Seeking evidence and public input on potential FDA regulation:

Increasing access to, and use of, medicinal nicotine products to help people quit

FDA is examining actions and working with sponsors to increase access to, and use of, FDA-approved medicinal nicotine products intended to help smokers quit. The Nicotine Steering Committee held a public hearing in early 2018, which focused on Evaluating Safety and Efficacy of Nicotine Replacement Therapies (NRTs).

Educating the public and correcting misperceptions about nicotine

In December 2017, FDA launched an adult public education campaign, Every Try Counts, which offers messages of support to smokers trying to quit. The campaign encourages smokers to keep practicing the quit because every quit attempt is a step toward success.

Most people—especially smokers trying to quit—know that cigarettes are addictive, but many do not understand the role of nicotine in cigarette addiction. FDA is embarking on an effort to engage stakeholders and the public in an educational dialogue and correct common misperceptions around nicotine and addiction.


Science-Based Review of Tobacco Products

Extending certain compliance dates

The agency extended timelines to submit tobacco product review applications for deemed regulated products that were on the market as of August 8, 2016. The revised timelines afford the agency time to explore clear and meaningful measures to ensure tobacco products are less toxic, appealing, and addictive. In addition, the additional time will allow companies to develop higher quality, more complete applications informed by further guidance from the agency.

  • Applications to market deemed regulated combustible products, such as cigars, pipe tobacco, and hookah tobacco, must now be submitted by August 8, 2021.
  • Applications to market deemed regulated non-combustible products, such as electronic nicotine delivery systems (ENDS) or e-cigarettes, must now be submitted by August 8, 2022.

Requirements from the deeming rule that occurred prior to these new extended compliance dates must still be met. For example, mandatory age and photo-ID checks to prevent illegal sales to minors remain in effect and subject to enforcement by the FDA.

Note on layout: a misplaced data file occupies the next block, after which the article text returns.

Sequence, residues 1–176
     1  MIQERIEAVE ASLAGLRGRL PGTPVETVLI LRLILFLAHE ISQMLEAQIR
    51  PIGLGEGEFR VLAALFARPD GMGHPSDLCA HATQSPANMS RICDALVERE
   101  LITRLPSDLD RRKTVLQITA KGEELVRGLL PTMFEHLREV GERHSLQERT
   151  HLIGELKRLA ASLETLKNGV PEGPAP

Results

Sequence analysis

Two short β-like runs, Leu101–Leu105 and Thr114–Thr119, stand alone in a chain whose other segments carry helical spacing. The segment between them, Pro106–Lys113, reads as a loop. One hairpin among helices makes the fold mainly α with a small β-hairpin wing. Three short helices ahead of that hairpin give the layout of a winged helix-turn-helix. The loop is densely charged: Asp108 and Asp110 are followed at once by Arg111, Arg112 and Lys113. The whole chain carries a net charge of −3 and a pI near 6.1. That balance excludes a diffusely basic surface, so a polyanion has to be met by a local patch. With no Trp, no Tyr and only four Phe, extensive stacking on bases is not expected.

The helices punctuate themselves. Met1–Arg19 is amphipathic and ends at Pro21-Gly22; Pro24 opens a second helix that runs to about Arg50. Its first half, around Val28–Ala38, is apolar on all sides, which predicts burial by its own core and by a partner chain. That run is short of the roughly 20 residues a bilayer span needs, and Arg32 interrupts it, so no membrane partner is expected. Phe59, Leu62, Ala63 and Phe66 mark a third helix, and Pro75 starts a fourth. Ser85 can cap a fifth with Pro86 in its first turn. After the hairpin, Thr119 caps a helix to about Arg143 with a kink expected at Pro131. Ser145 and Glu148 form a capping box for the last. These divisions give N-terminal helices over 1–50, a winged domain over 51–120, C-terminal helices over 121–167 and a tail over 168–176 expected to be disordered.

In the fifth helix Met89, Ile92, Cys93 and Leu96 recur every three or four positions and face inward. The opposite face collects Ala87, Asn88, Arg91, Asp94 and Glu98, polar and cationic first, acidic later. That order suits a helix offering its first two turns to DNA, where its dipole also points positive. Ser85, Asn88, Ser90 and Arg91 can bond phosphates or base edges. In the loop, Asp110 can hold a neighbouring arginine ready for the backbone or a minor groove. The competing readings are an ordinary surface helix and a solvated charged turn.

Seeking industry feedback on application process

FDA also plans to seek feedback to improve and enhance industry’s ability to comply with federal tobacco regulations through proposing new foundational rules, hearings seeking public comment and feedback, and guidance documents for regulatory compliance related to:

The FDA also plans to finalize guidance on how it intends to review premarket tobacco applications for ENDS. The agency also will continue efforts to assist industry in complying with federal tobacco regulations through online information and webinars.
 

Tobacco Product Application Review - A Public Meeting
October 22-23, 2018
Silver Spring, MD


Implementing product standards for safety

Future efforts will also explore additional product standards that could prevent injuries from known tobacco product risks, including:

The FDA has also begun exploring a product standard for e-cigarettes to help address existing concerns. As part of the standard, the agency will consider, among other things, levels of toxicants and impurities in propylene glycol, glycerin, and nicotine in e-liquids.


Youth Tobacco Prevention Plan

Preventing youth use of, and access to, tobacco products

A focused segment of the Comprehensive Plan, known as the Youth Tobacco Prevention Plan, aims to stop youth use of, and access to, tobacco products—especially e-cigarettes. Significant regulatory and research efforts related to access, marketing, and education are already underway.